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Guarding the Flow: Innovative Solutions for Leak Detection

Fitzemeyer & Tocci has been working on a project at a local mall to address concerns with water leaks happening throughout the building from the plumbing systems. Leaks are occurring in back of house spaces and customer facing locations. This ongoing issue has been such a concern with some tenants that they are at the point of breaking leases. Tenants have had to relocate stock in restricted spaces and shut down sections of the store while areas where leaks occur are cleaned. The major concerns due to leaks are safety hazards for both staff and shoppers for slip accidents, mold growth and air quality. 

Leak Detection

Currently F&T is investigating options to minimize and notify the mall owner if leaks are occurring in the plumbing system. As Murphys Law tells us, leaks will occur during the night when facilities staff are not around to be notified or repair a leak.  The leak detection system we will discuss will provide the mall with a system that will ensure the safety, functionality, and longevity of the property. 

Although an extensive leak detection system can be expensive, it can also prevent significant damage and financial loss, making it an essential investment for mall operators. Multiple severe leaks could cost substantial damage to malls, not only to the building itself but the added cost to the owner in shutdowns and insurance claims could come at a significant cost. 

There are various methods of leak detection used, but in this blog, we will stick with the solutions that will make sense in a mall setting. Items such as acoustic leak detection and thermal imaging are methods that would be far too expensive for a mall application. 

Leak Detection

There are many challenges that not only a mall will face but any building when it comes to leaking water. With the shear size and layout of malls, it is difficult to determine exactly where a leak is happening. Is it a leak from the roof, a leak from a plumbing, or HVAC system? Is it domestic water, sanitary piping, or HVAC condensate? 

Sometimes leaks are small intermittent leaks that over time do not get noticed until the leak causes major damage. Sometimes the leak could be a catastrophic event where a water main or chilled water main suddenly bursts. Each has its own difficulties. Is the piping in an inaccessible space behind other mechanical systems or above the ceiling in a space several stories high?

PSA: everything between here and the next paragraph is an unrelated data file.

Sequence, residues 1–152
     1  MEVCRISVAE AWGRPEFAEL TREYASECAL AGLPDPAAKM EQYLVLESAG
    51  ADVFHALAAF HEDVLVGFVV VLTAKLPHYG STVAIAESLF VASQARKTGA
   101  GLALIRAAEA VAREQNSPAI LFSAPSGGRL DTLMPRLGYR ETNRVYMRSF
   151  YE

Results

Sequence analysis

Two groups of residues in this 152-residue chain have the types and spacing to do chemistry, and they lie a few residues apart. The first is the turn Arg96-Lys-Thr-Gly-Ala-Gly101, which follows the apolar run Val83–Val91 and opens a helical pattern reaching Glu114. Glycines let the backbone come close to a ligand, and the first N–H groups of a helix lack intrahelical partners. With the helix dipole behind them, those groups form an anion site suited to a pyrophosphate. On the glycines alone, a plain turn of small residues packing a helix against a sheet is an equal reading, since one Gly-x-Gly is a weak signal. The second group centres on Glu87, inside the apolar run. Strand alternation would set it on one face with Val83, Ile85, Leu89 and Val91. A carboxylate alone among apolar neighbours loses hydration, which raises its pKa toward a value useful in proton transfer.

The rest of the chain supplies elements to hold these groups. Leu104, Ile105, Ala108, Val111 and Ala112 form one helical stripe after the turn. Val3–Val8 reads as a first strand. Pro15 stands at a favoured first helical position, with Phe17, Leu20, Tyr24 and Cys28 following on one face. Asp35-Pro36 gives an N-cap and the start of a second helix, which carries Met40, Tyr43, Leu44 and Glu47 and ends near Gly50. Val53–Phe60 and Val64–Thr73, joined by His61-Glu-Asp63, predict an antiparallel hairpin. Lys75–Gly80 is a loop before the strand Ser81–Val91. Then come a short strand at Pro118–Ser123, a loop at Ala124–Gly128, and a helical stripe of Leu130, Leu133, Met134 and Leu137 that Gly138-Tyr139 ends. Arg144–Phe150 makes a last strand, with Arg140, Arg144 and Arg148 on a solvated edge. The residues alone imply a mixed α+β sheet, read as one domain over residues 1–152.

On a plumbing system, the best option for leak detection is a water puck or often called a water bug. A water leak detection puck is a compact and highly sensitive device designed to identify water leaks or flooding in precise locations. The puck uses a set of metal probes located on the underside of the puck to detect when water is present. When the probes come in contact with water, they complete an electrical circuit, which triggers an alarm at the control panel.   

 The other option for leak detection is leak detection cables or sometimes called rope. The best option for cable is when a large area needs to be detected. They are commonly used along water piping or in a building’s wall. When water contacts any part of the cable, it establishes a conductive path, causing a change in electrical resistance and an alarm will sound at the control panel. 

There are two types of cable to detect leaks, 2-core and 4-core. 

  1. The 2-core leak detection ropes include a 5m lead wire, however this wire can be extended. The total length of lead wire and sensing cable may not exceed 500 feet. If the length does exceed 500 feet multiple controllers will be required.  

  1. The 2-Core sensing cable is a much more affordable option. Available lengths are 6 feet, 12 feet, 24 feet, 48 feet, and 100 feet. The 4-core cable is much more expensive than the 2-core but comes with more options. The 4-core comes with fault detection, plugs that allow you to link multiple sensing cable together and many adaptable set ups to fit custom applications. 

The ultimate purpose of leak detection is not only to sound an alarm to notify people that there is a leak, but also to try and stop it at the source. These systems do have the ability to shut the water off to a space when water is detected at the puck or cable. When the leak detector reports back to the panel, a motorized ball valve serving that area will close. The valves are slow closing so a water hammer arrestor is not needed. The type of valve, normally open or normally closed, must also be evaluated. 24V and 120V solenoid valves are available.  

The brain of the leak detection system, the controller, is designed to be a stand-alone unit. It is designed to receive signals from the leak sensing attachments including pucks and sensing ropes. The relays on the controller can be adapted for unique applications but serve standard functions like audible and visual strobe output. There is BMS connectivity alarm signals. A key feature that is available that will work well for malls is the ability to shut the water off during non-working hours and then reopen during operating hours.  

Leak Detection

Leak detection is a vital component of shopping mall management. By utilizing a combination of methods and embracing new technologies, mall operators can protect their property, ensure the safety of patrons and staff, and maintain operational efficiency. As technology advances, leak detection systems will become even more sophisticated. 

With the right approach, malls can continue to thrive as safe, welcoming spaces for shopping and entertainment. 


Written By:

Richard Barbera

Richard Barbera

Senior Associate | Plumbing & FP Department Manager


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